SentimenTrader, a research service that analyzes the impact of investor attitudes and behavior on the market, examined previous data when the bullish AAII percentage rose more than seven percentage points and poured more than $ 7 billion into equity funds.

The combination of factors hit the bull market best in 2003-2007, but other than that, these weren't a particularly bad time to buy stocks, with forward prices ranging from six months to a year to be respectable.

In other words, when investors get excited it can mean the market is cooling down a bit and may be less able to shake off scary headlines. However, it's not worth immediately assuming that a bullish audience will automatically be proven wrong. Not every rally is hated, not every upward trend happens in the ironic rejection of the consensus, not every trade is the "pain trade".

Another overshoot like in June?

Granted, the strength of the market over the past week seemed inappropriate in other ways. Gains were clearly led by cyclical stocks that were closely aligned with a reopened economy, though the daily news flow was marked by an alarming spike in Covid cases and newly imposed business restrictions and socially distancing orders.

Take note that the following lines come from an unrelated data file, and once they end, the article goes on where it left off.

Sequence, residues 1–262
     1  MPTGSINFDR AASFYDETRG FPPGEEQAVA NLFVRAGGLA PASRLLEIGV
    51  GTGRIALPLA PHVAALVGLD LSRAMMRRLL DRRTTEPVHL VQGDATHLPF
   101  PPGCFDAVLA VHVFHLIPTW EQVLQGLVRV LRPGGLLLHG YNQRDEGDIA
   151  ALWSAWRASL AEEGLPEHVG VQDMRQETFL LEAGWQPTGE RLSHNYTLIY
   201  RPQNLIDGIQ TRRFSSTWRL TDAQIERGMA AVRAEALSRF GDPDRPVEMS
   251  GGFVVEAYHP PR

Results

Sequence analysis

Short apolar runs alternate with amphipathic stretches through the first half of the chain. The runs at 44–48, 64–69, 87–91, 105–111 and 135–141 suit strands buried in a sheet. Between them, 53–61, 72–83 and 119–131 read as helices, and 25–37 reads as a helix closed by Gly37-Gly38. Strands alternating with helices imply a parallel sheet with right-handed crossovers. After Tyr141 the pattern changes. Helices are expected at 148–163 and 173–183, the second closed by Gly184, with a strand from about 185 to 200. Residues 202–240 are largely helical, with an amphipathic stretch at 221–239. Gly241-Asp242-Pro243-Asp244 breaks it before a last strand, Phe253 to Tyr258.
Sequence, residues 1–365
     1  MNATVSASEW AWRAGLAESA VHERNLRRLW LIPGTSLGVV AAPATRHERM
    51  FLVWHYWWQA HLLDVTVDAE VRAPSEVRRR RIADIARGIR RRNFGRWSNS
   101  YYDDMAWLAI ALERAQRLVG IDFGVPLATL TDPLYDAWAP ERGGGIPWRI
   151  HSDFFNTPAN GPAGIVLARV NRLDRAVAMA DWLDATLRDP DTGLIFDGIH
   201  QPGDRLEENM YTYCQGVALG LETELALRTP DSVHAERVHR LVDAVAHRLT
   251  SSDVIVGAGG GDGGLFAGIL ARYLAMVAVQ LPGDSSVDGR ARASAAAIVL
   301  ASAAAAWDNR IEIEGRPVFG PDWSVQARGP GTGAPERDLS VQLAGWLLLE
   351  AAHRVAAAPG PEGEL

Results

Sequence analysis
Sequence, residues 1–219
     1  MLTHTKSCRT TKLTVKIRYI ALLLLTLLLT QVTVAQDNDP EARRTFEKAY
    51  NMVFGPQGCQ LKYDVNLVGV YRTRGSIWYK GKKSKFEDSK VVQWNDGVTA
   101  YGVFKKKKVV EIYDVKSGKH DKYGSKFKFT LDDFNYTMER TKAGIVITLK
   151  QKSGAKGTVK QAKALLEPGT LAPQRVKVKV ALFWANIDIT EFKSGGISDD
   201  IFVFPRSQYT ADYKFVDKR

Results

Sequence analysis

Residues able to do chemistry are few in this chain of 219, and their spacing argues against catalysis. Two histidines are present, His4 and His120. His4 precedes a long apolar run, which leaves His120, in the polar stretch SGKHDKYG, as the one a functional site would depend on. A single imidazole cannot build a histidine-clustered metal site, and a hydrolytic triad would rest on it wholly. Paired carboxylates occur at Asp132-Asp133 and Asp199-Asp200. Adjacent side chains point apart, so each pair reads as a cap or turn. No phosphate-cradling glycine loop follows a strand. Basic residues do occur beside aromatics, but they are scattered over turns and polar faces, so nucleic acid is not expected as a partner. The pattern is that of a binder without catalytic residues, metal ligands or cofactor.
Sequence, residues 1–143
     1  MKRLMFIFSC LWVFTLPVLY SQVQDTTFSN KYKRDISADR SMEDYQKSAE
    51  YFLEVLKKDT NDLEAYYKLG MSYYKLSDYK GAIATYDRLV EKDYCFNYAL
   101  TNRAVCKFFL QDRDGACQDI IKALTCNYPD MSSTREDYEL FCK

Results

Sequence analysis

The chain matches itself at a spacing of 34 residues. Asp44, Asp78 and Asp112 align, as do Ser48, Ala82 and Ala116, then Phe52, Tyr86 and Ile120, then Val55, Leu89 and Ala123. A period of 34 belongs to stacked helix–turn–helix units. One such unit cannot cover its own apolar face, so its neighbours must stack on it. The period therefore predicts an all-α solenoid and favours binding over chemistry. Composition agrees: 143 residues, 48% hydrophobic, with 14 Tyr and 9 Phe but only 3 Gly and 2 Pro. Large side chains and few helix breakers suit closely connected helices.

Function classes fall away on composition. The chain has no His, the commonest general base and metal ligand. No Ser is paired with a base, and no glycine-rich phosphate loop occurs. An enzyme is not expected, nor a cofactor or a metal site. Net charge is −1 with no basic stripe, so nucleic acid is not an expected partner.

A buyer of the inaugural pop on Monday with the S&P 500 over 3600 for the first time is still underwater, despite the S&P gaining more than 2% on the week as the buying frenzy subsided and the huge growth stocks that dominated the index, faltered.

Monday was the worst day ever for momentum investing, and overall money flowed from growth to value, from big stocks to small home games, from back-to-work names, from annual winners Laggards and defensive to cyclical.

If the message of the market can be understood at face value, it is encouraging to the economic outlook and supports the stock rally. But the day-to-day action has been unpredictable enough – in times like automated pinball machines with an investment factor – that it's hard to tell.

Can these shifts be seen as the market looking resolutely beyond the imminent slowdown of a winter virus outbreak to a moment in early 2021 when treatments and vaccines will free the economy? Or was this another overshooting of the reopening craze, as we saw in early June before a market setback and a return to the shelter of the mega-cap growth treasure trove?

This is the debate that was scheduled last week for investors over the coming weeks.

Aside from getting sentiment and stock flows a little dizzy, the fundamentals of the market are hard to fault. The rally has been broad in recent weeks and has shown urgency from buyers, although that predicts strength beyond the next month.

Earnings projections for early 2021 are rising and the multi-month downward movement of the S&P has allowed earnings to catch up, making the market look not cheap but a little less valuable than it did in midsummer.

It's difficult for stocks to have too long-lasting problems when credit markets are strong enough that junk bond yields fell below 5% for the first time. Maybe frothy, but free from financial stress.

And, of course, the seasonal patterns are favorable – which won't necessarily change just because most investors are now in a full sprint to get a year-end rally.


Katherine Clark